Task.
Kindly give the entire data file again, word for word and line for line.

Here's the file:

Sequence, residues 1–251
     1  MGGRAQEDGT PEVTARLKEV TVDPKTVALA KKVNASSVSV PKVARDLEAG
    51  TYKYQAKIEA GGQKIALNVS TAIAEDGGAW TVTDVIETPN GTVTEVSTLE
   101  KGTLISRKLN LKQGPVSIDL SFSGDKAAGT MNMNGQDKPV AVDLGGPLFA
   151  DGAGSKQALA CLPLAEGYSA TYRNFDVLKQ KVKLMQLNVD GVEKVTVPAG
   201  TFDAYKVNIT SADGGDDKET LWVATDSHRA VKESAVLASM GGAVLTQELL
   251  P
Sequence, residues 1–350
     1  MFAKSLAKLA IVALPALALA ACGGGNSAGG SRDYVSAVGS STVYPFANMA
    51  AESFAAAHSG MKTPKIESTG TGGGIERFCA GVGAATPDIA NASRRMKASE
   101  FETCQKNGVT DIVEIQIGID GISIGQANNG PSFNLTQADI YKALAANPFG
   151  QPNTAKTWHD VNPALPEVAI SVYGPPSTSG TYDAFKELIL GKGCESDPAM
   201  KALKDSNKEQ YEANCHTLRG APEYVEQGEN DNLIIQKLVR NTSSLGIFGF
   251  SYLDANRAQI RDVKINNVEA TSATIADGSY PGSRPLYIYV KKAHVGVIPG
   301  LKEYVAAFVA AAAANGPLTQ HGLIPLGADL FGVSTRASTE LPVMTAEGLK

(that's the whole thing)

Sequence, residues 1–251
     1  MGGRAQEDGT PEVTARLKEV TVDPKTVALA KKVNASSVSV PKVARDLEAG
    51  TYKYQAKIEA GGQKIALNVS TAIAEDGGAW TVTDVIETPN GTVTEVSTLE
   101  KGTLISRKLN LKQGPVSIDL SFSGDKAAGT MNMNGQDKPV AVDLGGPLFA
   151  DGAGSKQALA CLPLAEGYSA TYRNFDVLKQ KVKLMQLNVD GVEKVTVPAG
   201  TFDAYKVNIT SADGGDDKET LWVATDSHRA VKESAVLASM GGAVLTQELL
   251  P
Sequence, residues 1–350
     1  MFAKSLAKLA IVALPALALA ACGGGNSAGG SRDYVSAVGS STVYPFANMA
    51  AESFAAAHSG MKTPKIESTG TGGGIERFCA GVGAATPDIA NASRRMKASE
   101  FETCQKNGVT DIVEIQIGID GISIGQANNG PSFNLTQADI YKALAANPFG
   151  QPNTAKTWHD VNPALPEVAI SVYGPPSTSG TYDAFKELIL GKGCESDPAM
   201  KALKDSNKEQ YEANCHTLRG APEYVEQGEN DNLIIQKLVR NTSSLGIFGF
   251  SYLDANRAQI RDVKINNVEA TSATIADGSY PGSRPLYIYV KKAHVGVIPG
   301  LKEYVAAFVA AAAANGPLTQ HGLIPLGADL FGVSTRASTE LPVMTAEGLK